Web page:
Your feedback is important to us!
We invite all our readers to share with us their views and comments about this article.
Disclaimer: Comments submitted by third parties on this site are the sole responsibility of the individual(s) whose content is submitted. The Daily Star accepts no responsibility for the content of comment(s), including, without limitation, any error, omission or inaccuracy therein. Please note that your email address will NOT appear on the site.
Alert: If you are facing problems with posting comments, please note that you must verify your email with Disqus prior to posting a comment. follow this link to make sure your account meets the requirements. (http://bit.ly/vDisqus)
The young man at a Sao Paulo mosque left the horrors of the Syrian civil war for a new life in Brazil, and he's adapting as well as he can.The South American giant has been home for some decades to a sizeable Arab diaspora, and 1,700 Syrians have joined their ranks over the past four years.Mouaz Tawakalna, a 28-year-old telecoms engineer, touched down just a week ago and speaks in Arabic, using a friend as translator.Brazil has agreed to grant refugee status to all the Syrians who have requested it, the spokesman said.Bayan says he reached Sao Paulo two months ago and took language classes at the mosque.Talal Tinawi, 42, came to Brazil in 2013 with his two children and his wife.A few weeks ago a new addition arrived in the shape of Sara, a Brazilian-born little girl for the family.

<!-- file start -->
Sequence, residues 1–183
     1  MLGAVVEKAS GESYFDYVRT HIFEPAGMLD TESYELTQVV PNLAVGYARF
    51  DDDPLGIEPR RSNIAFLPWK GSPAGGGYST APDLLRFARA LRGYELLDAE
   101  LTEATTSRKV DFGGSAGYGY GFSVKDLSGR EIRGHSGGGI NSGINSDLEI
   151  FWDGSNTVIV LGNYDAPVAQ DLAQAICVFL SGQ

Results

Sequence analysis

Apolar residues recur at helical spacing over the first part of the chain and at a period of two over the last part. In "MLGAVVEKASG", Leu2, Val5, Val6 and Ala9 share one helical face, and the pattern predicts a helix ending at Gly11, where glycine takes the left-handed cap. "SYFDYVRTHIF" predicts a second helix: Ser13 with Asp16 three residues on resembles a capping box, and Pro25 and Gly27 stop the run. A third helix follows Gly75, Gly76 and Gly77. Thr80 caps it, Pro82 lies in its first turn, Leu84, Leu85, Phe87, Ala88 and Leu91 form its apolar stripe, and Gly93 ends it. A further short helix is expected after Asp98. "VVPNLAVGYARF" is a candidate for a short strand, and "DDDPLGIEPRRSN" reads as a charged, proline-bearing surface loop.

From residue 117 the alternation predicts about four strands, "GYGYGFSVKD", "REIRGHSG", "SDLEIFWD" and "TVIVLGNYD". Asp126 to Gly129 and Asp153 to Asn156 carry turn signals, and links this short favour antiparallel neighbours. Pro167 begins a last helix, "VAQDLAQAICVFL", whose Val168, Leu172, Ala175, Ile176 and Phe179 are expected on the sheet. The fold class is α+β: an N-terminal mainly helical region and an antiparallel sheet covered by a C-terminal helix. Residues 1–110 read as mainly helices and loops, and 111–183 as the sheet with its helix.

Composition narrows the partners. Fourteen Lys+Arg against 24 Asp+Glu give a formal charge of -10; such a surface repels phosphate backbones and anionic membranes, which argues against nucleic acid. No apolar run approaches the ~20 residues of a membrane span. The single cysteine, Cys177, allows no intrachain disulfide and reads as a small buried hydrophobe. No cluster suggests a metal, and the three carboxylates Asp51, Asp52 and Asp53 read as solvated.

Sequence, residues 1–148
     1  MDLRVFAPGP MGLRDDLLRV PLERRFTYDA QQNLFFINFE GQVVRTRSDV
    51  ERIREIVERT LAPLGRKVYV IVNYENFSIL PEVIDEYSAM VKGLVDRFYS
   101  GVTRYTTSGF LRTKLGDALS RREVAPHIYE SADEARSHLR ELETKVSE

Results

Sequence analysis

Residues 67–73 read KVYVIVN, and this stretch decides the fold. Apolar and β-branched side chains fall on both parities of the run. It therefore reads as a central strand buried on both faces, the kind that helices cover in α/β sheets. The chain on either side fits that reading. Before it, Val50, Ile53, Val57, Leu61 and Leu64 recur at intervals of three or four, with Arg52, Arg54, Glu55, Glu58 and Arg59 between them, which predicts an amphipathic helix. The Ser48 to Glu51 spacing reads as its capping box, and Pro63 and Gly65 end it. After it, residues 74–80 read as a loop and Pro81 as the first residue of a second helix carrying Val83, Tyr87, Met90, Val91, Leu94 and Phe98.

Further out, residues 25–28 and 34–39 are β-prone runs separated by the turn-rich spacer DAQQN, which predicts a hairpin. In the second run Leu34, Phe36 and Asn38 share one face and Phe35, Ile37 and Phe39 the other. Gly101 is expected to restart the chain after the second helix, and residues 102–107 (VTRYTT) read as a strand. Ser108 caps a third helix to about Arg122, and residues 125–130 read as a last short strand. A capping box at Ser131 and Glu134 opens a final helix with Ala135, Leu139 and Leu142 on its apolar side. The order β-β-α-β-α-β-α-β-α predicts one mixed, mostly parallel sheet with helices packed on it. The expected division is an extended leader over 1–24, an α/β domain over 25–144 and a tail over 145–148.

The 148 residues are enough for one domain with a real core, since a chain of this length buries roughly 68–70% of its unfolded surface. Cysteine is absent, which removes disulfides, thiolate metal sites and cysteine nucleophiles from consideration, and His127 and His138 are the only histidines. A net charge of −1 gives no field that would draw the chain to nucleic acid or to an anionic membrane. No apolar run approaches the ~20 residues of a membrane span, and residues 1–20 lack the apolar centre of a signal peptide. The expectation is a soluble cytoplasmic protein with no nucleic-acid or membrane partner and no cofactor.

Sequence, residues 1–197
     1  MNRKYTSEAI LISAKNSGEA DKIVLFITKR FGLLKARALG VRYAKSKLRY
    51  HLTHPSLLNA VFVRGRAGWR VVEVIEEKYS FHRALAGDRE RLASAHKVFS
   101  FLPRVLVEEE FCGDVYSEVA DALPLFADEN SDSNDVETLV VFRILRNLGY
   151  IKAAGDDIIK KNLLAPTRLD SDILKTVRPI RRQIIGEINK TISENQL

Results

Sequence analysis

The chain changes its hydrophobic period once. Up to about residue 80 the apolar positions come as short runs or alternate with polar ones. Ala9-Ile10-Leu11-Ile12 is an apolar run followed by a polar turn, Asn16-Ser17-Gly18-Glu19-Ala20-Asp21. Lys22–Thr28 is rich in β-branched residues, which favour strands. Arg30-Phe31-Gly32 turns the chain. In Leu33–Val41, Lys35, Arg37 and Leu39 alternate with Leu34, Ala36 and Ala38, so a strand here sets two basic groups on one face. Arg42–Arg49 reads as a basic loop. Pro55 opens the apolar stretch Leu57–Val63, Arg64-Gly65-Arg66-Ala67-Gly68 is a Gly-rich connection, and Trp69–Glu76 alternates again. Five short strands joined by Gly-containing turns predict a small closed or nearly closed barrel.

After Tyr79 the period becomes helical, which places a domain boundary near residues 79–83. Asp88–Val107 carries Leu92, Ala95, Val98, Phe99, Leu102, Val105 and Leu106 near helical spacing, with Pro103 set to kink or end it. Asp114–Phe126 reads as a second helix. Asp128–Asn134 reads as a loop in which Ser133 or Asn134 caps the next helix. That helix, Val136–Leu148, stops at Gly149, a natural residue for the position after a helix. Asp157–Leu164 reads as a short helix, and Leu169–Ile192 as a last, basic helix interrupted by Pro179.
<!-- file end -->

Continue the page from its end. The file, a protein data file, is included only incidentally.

FOLLOW THIS ARTICLE